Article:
[show abstract][hide abstract] ABSTRACT: D-type cyclins form complexes with cyclin-dependent kinases (CDK4/6) and promote cell cycle progression. Although cyclin D functions appear largely tissue specific, we demonstrate that cyclin D3 has unique functions in lymphocyte development and cannot be replaced by cyclin D2, which is also expressed during blood differentiation. We show that only combined deletion of p27(Kip1) and retinoblastoma tumor suppressor (Rb) is sufficient to rescue the development of Ccnd3(-/-) thymocytes. Furthermore, we show that a small molecule targeting the kinase function of cyclin D3:CDK4/6 inhibits both cell cycle entry in human T cell acute lymphoblastic leukemia (T-ALL) and disease progression in animal models of T-ALL. These studies identify unique functions for cyclin D3:CDK4/6 complexes and suggest potential therapeutic protocols for this devastating blood tumor.
Cancer cell 10/2012; 22(4):452-65. · 25.29 Impact Factor
[show abstract][hide abstract] ABSTRACT: Dysregulation of cyclin-dependent kinase 4 (CDK4) and CDK6 by gain of function or loss of inhibition is common in human cancer, including multiple myeloma, but success in targeting CDK with broad-spectrum inhibitors has been modest. By selective and reversible inhibition of CDK4/CDK6, we have developed a strategy to both inhibit proliferation and enhance cytotoxic killing of cancer cells. We show that induction of prolonged early-G(1) arrest (pG1) by CDK4/CDK6 inhibition halts gene expression in early-G(1) and prevents expression of genes programmed for other cell-cycle phases. Removal of the early-G(1) block leads to S-phase synchronization (pG1-S) but fails to completely restore scheduled gene expression. Consequently, the IRF4 protein required to protect myeloma cells from apoptosis is markedly reduced in pG1 and further in pG1-S in response to cytotoxic agents, such as the proteasome inhibitor bortezomib. The coordinated loss of IRF4 and gain of Bim sensitize myeloma tumor cells to bortezomib-induced apoptosis in pG1 in the absence of Noxa and more profoundly in pG1-S in cooperation with Noxa in vitro. Induction of pG1 and pG1-S by reversible CDK4/CDK6 inhibition further augments tumor-specific bortezomib killing in myeloma xenografts. Reversible inhibition of CDK4/CDK6 in sequential combination therapy thus represents a novel mechanism-based cancer therapy.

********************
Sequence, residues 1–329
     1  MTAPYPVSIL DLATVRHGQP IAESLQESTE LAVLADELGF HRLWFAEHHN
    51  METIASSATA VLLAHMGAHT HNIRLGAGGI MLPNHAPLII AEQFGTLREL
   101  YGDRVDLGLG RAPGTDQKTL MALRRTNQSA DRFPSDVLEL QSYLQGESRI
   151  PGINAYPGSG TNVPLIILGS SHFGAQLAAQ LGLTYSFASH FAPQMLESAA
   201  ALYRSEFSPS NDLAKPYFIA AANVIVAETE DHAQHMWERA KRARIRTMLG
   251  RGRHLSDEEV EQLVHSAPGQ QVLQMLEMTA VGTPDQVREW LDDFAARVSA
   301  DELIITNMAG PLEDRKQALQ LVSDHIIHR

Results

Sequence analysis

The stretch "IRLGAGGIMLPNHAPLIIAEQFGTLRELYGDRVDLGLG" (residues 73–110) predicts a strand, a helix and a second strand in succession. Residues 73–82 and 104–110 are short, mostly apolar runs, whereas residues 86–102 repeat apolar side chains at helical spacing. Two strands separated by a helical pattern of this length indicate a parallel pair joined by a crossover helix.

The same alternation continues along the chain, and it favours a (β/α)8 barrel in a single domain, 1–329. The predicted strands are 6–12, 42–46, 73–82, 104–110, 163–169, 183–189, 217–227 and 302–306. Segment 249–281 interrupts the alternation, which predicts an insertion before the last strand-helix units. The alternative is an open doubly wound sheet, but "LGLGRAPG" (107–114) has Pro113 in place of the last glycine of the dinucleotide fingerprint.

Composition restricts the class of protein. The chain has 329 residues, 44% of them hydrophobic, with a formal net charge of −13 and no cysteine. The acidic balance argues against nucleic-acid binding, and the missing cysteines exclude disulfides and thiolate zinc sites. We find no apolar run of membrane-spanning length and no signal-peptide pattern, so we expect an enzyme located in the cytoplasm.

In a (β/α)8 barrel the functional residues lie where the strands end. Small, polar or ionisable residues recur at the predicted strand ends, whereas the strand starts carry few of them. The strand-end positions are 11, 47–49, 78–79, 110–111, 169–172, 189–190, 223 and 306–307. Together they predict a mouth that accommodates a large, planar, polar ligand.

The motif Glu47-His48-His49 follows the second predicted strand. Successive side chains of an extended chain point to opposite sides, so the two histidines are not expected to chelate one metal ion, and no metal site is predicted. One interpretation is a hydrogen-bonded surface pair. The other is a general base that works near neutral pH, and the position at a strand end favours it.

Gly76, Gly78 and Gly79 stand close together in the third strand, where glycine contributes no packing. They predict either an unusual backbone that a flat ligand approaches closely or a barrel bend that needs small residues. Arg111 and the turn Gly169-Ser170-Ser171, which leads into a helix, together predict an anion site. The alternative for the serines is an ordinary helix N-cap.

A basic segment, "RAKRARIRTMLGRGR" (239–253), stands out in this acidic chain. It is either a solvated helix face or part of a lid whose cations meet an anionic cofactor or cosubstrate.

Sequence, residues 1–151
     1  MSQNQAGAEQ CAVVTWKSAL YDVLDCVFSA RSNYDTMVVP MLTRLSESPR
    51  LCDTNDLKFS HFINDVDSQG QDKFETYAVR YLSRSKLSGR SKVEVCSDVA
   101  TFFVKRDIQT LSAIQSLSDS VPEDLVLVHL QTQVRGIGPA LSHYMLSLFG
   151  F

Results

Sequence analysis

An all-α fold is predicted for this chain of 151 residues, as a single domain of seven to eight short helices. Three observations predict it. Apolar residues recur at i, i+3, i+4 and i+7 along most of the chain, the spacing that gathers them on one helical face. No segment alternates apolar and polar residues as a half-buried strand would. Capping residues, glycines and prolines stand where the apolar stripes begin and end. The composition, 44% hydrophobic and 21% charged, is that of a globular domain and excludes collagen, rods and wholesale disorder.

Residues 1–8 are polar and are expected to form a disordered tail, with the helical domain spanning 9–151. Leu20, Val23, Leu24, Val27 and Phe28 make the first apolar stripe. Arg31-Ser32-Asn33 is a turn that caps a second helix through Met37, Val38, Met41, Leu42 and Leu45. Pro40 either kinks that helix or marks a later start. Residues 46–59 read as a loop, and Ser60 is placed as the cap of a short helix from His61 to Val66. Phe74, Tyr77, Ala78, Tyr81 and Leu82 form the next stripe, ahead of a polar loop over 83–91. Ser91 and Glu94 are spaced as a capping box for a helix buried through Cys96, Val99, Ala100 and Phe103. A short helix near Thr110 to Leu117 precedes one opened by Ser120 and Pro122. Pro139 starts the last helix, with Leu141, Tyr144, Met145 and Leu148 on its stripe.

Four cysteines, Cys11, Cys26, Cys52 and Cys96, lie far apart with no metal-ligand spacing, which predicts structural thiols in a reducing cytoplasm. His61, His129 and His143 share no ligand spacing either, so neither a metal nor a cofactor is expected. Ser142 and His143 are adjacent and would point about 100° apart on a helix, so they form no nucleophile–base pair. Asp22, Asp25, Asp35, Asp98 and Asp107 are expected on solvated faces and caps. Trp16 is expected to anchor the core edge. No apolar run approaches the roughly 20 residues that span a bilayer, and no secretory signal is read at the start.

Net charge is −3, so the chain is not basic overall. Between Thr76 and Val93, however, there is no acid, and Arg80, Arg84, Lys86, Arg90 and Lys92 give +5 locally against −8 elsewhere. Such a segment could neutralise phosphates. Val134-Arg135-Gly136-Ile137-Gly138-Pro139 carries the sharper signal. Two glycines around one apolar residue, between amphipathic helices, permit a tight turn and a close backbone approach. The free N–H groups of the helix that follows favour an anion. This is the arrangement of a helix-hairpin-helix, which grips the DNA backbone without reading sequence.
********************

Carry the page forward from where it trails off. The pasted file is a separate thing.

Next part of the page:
[show abstract][hide abstract] ABSTRACT: Inhibition of Cdk4/Cdk6 by p18(INK4c) (p18) is pivotal for generation of noncycling immunoglobulin (Ig)-secreting plasma cells (PCs). In the absence of p18, CD138(+) plasmacytoid cells continue to cycle and turnover rapidly, suggesting that p18 controls PC homeostasis. We now show that p18 selectively acts in a rare population of rapidly cycling CD138(hi)/B220(hi) intermediate PCs (iPCs). While retaining certain B-cell signatures, iPCs are poised to differentiate to end-stage PCs although the majority undergo apoptosis. p18 is dispensable for the development of the PC transcriptional circuitry, and Blimp-1 and Bcl-6 are expressed fully and mutually exclusively in individual iPCs. However, a minor proportion of iPCs express both, and they are preferentially protected by p18 or Bcl-xL overexpression, consistent with expansion of the iPC pool by Bcl-xL overexpression, or loss of proapoptotic Bim or Noxa. Expression of Noxa is induced during B-cell activation, peaks in iPCs, and selectively repressed by p18. It is required to promote apoptosis of cycling B cells, especially in the absence of p18. These findings define the first physiologic function for Noxa and suggest that by repressing Noxa, induction of G₁ arrest by p18 bypasses a homeostatic cell-cycle checkpoint in iPCs for PC differentiation.